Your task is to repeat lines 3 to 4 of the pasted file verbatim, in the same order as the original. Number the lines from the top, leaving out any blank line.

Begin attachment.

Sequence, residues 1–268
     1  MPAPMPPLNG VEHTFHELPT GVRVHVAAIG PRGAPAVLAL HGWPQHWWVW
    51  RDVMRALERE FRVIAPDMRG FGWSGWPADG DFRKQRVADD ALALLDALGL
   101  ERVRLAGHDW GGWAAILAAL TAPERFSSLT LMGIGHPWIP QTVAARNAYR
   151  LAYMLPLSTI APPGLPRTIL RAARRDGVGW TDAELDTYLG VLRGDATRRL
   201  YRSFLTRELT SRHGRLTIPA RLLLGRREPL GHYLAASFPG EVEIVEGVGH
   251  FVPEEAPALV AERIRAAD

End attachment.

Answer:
    51  RDVMRALERE FRVIAPDMRG FGWSGWPADG DFRKQRVADD ALALLDALGL
   101  ERVRLAGHDW GGWAAILAAL TAPERFSSLT LMGIGHPWIP QTVAARNAYR